Rotation practices at the 2012 Olympic Football Men’s Competition

We take a look at how Olympic team managers have rotated their squads during the men’s football competition of the London Olympics, using the same analysis conducted for the 2012 Africa Cup of Nations and UEFA Euro 2012.

The Olympics are different from other international football competitions in that the squads are limited to 18 players, which means that managers have to weigh a pool of possible starters against a reduced pool of substitutes.  Some of the strategies are borne out in the rotations that they make, which we’ll see in a moment.

The first part of the analysis tabulates the number of players rotated through a team’s starting lineup relative to the previous match.  The second part records the change in the number of players who made a match appearance relative to the previous match, so not just starters but substitutes as well.

Below is the table of results from part 1 of the analysis.  Olympic teams that advanced to the knockout stage are in red.

Changes in Starting Lineup

Country Group Match 2 Group Match 3 Total Actives
Japan 1 5 6 17
Brazil 1 5 6 16
Senegal 2 2 4 15
Switzerland 2 2 4 15
Honduras 3 2 5 15
Great Britain 3 3 6 15
Egypt 1 2 3 14
Gabon 1 2 3 14
Uruguay 1 3 4 14
Spain 2 3 5 14
Mexico 0 2 2 13
United Arab Emirates 0 2 2 13
Morocco 1 2 3 13
Belarus 1 0 1 12
Korea Republic 0 1 1 12
New Zealand 0 0 0 11
© 2012 Soccermetrics Research

The common practice in short tournaments is to keep the same starting lineup in the second group game (unless enforced by injury or suspension), and make two or three changes to the lineup in the final group game.  If a team has already qualified for the knockout stage, managers are much looser with their rotations.  Most of the teams who qualified for the medal round rotated 15 of their 18 players through the starting lineup.  Japan and Brazil’s managers had a tight rotation policy, but loosened it significantly after they confirmed their places in the last eight.  Senegal, Great Britain, and Honduras — all of which drew their first game — rotated two or three players per match.  The real outlier is South Korea (Korea Republic in FIFA language).  They made only one change to their starting lineup over the three group matches, and it involved one of the two Korean players who was consistently substituted from matches (Tae-Hee Nam).  New Zealand were the only side to not make any changes in their starting lineup over the group stage.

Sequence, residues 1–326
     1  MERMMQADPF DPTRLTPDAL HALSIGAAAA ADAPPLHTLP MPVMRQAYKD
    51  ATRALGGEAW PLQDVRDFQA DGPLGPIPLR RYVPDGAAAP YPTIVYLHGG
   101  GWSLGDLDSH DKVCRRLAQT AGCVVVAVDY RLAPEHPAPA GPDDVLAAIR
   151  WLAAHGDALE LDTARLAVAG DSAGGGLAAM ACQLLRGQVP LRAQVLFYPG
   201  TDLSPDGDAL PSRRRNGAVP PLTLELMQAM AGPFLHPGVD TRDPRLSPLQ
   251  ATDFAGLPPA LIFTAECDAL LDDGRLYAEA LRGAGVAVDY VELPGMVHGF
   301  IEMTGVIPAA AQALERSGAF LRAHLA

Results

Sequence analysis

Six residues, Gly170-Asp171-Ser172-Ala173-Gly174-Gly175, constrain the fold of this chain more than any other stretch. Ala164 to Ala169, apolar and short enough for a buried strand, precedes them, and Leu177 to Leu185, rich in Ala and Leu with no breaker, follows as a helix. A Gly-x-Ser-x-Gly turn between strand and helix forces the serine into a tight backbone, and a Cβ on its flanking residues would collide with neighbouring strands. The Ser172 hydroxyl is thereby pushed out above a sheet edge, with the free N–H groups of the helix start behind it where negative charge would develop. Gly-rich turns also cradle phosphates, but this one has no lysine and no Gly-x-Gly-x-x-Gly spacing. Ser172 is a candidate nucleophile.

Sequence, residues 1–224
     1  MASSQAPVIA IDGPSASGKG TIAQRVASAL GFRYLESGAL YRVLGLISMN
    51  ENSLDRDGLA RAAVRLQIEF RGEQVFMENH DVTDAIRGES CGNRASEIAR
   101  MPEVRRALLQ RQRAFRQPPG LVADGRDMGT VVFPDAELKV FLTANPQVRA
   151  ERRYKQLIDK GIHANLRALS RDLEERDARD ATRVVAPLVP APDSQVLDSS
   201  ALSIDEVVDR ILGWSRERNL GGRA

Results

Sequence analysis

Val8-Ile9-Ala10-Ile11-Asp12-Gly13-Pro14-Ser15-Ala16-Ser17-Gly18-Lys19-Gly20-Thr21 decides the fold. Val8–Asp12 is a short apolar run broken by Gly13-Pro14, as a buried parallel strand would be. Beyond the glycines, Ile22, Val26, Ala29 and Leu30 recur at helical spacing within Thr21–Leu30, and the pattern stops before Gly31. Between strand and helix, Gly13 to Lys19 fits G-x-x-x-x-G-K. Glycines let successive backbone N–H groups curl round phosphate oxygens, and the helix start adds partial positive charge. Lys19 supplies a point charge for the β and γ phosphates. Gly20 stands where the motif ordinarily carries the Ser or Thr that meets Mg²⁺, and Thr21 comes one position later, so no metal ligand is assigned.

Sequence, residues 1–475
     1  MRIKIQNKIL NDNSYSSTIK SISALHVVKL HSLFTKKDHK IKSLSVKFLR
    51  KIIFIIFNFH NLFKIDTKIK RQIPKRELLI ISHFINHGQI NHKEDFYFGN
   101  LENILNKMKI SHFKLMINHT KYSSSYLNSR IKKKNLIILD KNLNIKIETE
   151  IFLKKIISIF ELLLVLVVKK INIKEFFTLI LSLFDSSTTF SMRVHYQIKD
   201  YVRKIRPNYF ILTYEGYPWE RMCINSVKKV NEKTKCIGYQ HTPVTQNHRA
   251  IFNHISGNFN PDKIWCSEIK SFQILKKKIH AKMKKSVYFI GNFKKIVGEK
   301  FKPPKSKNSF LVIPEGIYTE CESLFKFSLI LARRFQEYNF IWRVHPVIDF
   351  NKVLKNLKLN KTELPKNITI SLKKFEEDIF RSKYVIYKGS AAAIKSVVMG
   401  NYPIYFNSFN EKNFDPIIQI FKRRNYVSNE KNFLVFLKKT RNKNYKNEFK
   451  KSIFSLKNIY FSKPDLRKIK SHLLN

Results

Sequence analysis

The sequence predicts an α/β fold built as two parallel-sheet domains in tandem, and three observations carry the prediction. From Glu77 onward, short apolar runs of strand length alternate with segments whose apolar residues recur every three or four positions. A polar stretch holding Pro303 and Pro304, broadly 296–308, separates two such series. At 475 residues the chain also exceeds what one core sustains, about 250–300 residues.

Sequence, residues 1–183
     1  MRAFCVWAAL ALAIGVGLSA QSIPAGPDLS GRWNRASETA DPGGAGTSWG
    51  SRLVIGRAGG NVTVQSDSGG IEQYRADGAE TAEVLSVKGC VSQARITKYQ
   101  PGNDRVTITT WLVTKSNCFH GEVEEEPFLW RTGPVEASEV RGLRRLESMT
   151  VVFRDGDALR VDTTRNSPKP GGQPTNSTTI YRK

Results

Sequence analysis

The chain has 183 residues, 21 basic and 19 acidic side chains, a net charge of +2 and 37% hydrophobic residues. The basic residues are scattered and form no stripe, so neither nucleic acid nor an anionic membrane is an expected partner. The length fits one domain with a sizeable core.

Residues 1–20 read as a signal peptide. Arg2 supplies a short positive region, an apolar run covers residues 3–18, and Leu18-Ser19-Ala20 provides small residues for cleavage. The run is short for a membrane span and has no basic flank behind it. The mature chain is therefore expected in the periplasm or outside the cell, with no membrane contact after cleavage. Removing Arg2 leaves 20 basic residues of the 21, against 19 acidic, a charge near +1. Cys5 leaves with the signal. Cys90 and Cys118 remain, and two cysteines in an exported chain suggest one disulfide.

The second part of the analysis examines squad rotations among players who made a match appearance, and the chart below presents those results.  Again, Olympic teams which went through to the medal round are in red.

Changes in Starting Lineup

Country Group Match 2 Group Match 3 Total Actives
United Arab Emirates 2 4 6 18
Japan 1 3 4 17
New Zealand 3 2 5 17
Brazil 1 3 4 17
Senegal 2 3 5 17
Switzerland 2 3 5 17
Honduras 3 1 4 17
Great Britain 2 3 5 17
Mexico 1 2 3 16
Egypt 0 2 2 16
Morocco 1 2 3 16
Uruguay 2 2 4 16
Spain 2 3 5 16
Gabon 2 1 3 15
Belarus 0 3 3 15
Korea Republic 0 1 1 14
© 2012 Soccermetrics Research

Wow! South Korea have not just made the smallest number of starting lineup changes of the eight quarterfinalists, they have the smallest active squad of all of the Olympic teams!  Other sides, such as New Zealand or United Arab Emirates, have a small core of starters but refresh the lineup with a relatively large number of substitutes (UAE were the only Olympic finalist to play their full compliment of players).  The other teams in the last eight used all but one or two players during the group stage.  It will be interesting to see if the Koreans suffer fatigue in the knockout matches, especially if they have to play 120 minutes in a game.  (I’m writing this post during the quarterfinal matches and have not seen any of the results.)

I’ll follow up with a similar post at the conclusion of the football competition.


Tags: ,